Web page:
Smith and Wellstood Limited, Bonnybridge, Stirlingshire

Smith & Wellstood Brickworks, Bonnybridge

The company was incorporated in 1887 and specialised in making solid fuel cookers after the American style stove & range manufacturers. Their ESSE brand cooker became famous and was exported all over the world. Firebrick tiles to line the fireboxes were made in their own own brickworks which was started in 1892. They had 3 kilns of about 20 tons capacity each which were expanded to 40-ton capacity each after the 1939 – 45 war. The brickworks closed in the 1970’s. – source The Scottish Refractory Industry 1830 – 1980.


31/01/1885 – Falkirk Herald – State of trade – The firm of Smith and Wellstood of the Columbian Stove Works, on account of the dullness of the stove trade have been compelled to part with between 20 and 30 hands, embracing moulders, labourers and others.

1887 – Company incorporated?

Below – 18/02/1924 – Smith and Wellstood invoice.

Smith and Wellstood invoice 2

Below – 05/11/1928 – Smith and Wellstood invoice.

smith wellstood

Below – 28/09/1931 – Smith and Wellstood invoice.

Smith and Wellstood invoice

Below –  24/10/1944 and 30/10/1944  – 2 x invoices from Bonnybridge Silica & Fireclay Co Ltd to Smith & Wellstood for ganister

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23/04/1949 – Falkirk Herald – Foreman required to take charge of brickworks producing 70/75 tons of range and stove bricks per week; the appointment is subject to acceptance of a contributory superannuation scheme. Apply giving details of age, experience and salary expected to Smith and Wellstood Ltd, Ironfounders, Bonnybridge.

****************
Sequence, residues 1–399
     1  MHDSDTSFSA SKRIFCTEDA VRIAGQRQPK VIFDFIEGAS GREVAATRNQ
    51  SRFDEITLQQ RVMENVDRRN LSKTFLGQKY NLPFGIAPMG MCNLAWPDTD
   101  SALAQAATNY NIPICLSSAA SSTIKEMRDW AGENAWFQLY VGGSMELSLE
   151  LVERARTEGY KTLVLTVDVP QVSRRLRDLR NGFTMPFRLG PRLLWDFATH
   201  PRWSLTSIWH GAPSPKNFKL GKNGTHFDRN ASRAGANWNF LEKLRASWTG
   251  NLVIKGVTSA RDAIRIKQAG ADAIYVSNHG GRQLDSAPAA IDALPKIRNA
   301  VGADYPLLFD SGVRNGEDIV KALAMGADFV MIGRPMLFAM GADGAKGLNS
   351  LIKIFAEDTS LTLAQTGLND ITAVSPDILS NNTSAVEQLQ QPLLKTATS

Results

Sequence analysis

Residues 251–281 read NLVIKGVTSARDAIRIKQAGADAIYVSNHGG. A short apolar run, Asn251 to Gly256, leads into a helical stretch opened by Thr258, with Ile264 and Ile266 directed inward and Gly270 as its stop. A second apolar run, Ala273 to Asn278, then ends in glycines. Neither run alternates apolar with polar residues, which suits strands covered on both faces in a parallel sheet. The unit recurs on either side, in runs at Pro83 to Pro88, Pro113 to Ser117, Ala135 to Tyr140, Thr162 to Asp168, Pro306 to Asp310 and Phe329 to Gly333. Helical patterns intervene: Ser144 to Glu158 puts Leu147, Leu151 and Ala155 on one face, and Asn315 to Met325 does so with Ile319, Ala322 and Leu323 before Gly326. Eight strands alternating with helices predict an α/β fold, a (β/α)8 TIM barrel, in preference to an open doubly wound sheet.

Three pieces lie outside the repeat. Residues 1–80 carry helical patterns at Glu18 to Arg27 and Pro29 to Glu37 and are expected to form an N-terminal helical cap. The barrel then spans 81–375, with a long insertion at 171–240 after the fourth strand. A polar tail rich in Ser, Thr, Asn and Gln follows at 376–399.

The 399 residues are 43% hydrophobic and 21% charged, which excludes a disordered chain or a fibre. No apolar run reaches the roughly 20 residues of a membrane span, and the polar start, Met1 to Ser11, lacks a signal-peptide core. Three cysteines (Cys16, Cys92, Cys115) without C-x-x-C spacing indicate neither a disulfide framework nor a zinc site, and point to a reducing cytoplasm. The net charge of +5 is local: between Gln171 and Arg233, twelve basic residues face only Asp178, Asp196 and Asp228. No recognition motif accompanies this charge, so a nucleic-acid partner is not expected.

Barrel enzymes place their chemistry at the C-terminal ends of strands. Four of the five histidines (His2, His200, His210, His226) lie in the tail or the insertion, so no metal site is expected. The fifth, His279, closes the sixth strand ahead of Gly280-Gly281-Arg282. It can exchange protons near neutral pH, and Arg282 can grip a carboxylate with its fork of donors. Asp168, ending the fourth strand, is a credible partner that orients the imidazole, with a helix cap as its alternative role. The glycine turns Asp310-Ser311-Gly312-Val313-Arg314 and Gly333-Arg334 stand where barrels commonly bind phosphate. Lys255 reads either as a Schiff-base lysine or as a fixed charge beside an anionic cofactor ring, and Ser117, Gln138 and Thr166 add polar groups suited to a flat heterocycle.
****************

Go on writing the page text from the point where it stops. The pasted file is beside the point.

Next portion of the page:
08/04/1950 – Falkirk Herald – Kiln burner wanted. Good prospects and steady employment for an experienced man. Apply brickworks manager, Smith and Wellstood Limited, Bonnybridge.

10/06/1950 – Falkirk Herald – Boy age 15-16, required to train as an Analytical Chemist in Works Laboratory. Reply, giving full particulars of education, etc., to Works Manager, Smith & Wellstood, Ltd., Bonnybridge, Stirlingshire.

07/03/1953 – Falkirk Herald – Bricklayers – two men required for maintenance work, experience in fireclay work would be an advantage. Full employment guaranteed.

c. 1970′s – Closed


John Campbell Leith, born 1903 in Kilsyth began working in Smith and Wellstood’s in 1917 as an apprentice pattern maker. He entered management in 1926. He became the company draughtsman/designer then production manager and eventually the works manager/director.

The raw materials were acquired from Dougall’s and Bonnybridge Silica Brickworks. Mined clay was bought. The workforce consisted of 30 girls and 12 men who punched clay into moulds. Mr Leith described the brickworks as resembling the ‘Roman Baths’. Green bricks were laid on the floor to harden them and were fired for 4 1/2 days. The result was a brownish, yellow biscuit coloured brick.

The furnace bricks were bought from Steins. These had a high refractory value and would stand up to a terrific heat. they were of very high quality and therefore expensive.

The output depended on demand and varied between 40 – 55 tons per week.

Smith and Wellstoods Iron Founders had their own brickworks, but they produced only building bricks and got their refractory bricks from Steins. When the foundries closed, the brickmakers market was reduced considerably. Smith and Wellstoods closed about c. 1959. – Source Falkirk Museum and Archives.

Below – So is this S & W actually made by Stein for Smith and Wellstood?)

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